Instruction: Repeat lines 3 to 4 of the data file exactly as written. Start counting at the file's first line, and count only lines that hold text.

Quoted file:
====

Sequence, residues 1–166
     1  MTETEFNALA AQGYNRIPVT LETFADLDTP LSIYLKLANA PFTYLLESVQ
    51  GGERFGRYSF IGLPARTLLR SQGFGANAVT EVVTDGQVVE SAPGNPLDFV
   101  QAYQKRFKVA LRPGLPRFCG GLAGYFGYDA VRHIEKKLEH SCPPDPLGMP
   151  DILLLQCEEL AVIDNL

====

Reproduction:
    51  GGERFGRYSF IGLPARTLLR SQGFGANAVT EVVTDGQVVE SAPGNPLDFV
   101  QAYQKRFKVA LRPGLPRFCG GLAGYFGYDA VRHIEKKLEH SCPPDPLGMP